JOHANNESBURG (Reuters) - South African state-owned arms manufacturer Denel did not pay senior staff their salaries in full this month, the company said, in a setback for President Cyril Ramaphosa’s drive to turnaround struggling state companies.
Ramaphosa has made improving governance and stabilizing the finances of state firms a priority since replacing Jacob Zuma as head of state in February. South Africa’s economy fell into recession this month.
Denel, which produces military equipment for the South African army and foreign forces, has been grappling with a liquidity crunch after becoming embroiled in corruption scandals during Zuma’s scandal-plagued tenure.
“In September management salaries were not paid in full,” Denel spokeswoman Vuyelwa Qinga told Reuters on Friday, adding the cuts were due to “liquidity challenges”.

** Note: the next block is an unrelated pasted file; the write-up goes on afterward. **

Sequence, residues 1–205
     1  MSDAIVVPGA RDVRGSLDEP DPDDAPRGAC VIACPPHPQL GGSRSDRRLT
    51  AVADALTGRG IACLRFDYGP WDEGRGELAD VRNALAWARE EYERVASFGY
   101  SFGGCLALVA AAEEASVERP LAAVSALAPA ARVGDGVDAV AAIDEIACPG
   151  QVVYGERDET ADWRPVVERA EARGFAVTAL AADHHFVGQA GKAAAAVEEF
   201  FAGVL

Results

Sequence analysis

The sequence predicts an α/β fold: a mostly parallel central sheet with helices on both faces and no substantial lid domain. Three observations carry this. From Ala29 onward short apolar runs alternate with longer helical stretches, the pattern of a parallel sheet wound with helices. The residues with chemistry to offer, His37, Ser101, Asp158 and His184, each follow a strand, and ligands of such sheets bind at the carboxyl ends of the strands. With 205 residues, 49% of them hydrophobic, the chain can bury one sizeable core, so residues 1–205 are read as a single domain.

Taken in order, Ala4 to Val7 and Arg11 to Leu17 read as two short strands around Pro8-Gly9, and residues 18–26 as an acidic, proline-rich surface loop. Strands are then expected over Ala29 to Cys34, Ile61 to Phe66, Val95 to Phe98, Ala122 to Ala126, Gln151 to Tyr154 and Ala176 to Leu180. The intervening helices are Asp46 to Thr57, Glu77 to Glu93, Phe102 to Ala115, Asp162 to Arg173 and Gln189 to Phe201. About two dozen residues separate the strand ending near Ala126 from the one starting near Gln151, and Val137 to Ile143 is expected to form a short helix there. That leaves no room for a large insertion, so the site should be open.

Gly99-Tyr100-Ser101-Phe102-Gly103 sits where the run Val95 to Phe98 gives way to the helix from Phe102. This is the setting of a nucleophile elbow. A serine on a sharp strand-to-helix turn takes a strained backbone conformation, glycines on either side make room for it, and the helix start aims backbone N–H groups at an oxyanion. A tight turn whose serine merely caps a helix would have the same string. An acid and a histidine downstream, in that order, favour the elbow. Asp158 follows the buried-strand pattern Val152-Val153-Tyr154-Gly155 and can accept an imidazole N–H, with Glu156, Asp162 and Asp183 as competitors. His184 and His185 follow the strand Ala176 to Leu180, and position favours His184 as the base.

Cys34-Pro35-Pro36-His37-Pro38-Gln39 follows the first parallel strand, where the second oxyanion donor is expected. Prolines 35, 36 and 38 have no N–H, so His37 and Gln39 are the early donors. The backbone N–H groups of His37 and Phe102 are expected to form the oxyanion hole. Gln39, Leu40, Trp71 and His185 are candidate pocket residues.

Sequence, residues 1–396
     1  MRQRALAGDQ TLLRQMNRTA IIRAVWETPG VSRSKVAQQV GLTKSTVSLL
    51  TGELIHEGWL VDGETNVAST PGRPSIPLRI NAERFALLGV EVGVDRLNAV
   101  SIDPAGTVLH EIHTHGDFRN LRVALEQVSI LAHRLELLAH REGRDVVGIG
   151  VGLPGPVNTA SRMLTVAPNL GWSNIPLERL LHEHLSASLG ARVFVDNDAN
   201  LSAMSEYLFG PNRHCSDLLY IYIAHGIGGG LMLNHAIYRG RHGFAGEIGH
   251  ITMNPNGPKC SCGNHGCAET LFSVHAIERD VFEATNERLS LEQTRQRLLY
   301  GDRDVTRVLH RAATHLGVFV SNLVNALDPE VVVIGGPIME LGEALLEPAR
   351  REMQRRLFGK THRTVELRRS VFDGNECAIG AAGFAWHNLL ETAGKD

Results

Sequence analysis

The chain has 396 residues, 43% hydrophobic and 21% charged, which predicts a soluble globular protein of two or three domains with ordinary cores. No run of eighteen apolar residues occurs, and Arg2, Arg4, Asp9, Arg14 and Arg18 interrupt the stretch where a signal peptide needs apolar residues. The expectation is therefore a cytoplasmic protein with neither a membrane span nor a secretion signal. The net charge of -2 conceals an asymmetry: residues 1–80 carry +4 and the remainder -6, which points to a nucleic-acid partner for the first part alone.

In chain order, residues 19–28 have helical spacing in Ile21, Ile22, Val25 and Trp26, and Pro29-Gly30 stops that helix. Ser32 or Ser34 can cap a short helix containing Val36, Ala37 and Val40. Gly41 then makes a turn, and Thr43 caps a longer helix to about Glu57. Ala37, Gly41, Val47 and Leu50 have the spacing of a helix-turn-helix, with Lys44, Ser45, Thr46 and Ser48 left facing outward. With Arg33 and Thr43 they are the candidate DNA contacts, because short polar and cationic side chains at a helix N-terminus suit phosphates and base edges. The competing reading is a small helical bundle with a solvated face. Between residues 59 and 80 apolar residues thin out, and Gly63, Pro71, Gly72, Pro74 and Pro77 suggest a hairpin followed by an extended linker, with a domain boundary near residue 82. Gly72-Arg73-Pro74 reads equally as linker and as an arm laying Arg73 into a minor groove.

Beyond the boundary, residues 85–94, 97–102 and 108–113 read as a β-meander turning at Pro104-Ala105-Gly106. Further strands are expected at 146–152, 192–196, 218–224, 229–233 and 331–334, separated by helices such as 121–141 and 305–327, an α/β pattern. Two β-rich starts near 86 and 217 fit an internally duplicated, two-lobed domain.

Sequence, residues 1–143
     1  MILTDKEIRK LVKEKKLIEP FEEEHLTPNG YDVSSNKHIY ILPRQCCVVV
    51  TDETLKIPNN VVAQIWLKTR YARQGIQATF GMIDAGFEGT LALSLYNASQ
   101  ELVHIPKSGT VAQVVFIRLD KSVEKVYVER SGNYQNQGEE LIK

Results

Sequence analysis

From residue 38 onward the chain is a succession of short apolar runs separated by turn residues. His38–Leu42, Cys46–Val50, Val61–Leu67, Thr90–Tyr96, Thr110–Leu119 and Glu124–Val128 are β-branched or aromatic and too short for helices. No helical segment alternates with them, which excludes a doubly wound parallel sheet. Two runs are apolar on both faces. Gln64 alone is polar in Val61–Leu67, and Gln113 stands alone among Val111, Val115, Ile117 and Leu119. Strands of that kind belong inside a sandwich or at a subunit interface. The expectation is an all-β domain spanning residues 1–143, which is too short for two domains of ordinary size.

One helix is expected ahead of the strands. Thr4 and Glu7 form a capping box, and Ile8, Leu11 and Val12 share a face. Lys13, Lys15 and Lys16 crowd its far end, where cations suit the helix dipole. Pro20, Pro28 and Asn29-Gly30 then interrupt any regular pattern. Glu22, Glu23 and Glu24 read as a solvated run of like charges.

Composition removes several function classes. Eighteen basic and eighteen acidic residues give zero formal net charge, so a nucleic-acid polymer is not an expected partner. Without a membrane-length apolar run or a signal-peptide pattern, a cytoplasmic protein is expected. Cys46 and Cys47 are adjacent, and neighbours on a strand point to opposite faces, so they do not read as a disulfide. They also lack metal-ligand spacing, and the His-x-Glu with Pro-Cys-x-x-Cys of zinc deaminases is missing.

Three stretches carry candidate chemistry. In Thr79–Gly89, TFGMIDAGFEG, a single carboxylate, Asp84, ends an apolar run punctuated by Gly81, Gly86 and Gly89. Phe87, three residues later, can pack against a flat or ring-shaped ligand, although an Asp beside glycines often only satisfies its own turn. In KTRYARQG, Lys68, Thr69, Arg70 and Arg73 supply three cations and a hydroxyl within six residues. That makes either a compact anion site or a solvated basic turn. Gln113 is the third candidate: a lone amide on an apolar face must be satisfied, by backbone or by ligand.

Executives were paid 80 percent of their salaries while specialists were paid 85 percent, Qinga said.
Qinga said regular employees were paid in full and that the company was working with the government to find a solution to its funding challenges.
In April, Ramaphosa oversaw the appointment of a new board at Denel and the company subsequently suspended its chief financial officer over misconduct allegations.
Labor unions say it is critical that Denel receives financial support - either via additional government guarantees or a capital injection. There could be more details when Finance Minister Nhlanhla Nene delivers the budget next month.
Reporting by Alexander Winning; Editing by Joe Brock and Mark Potter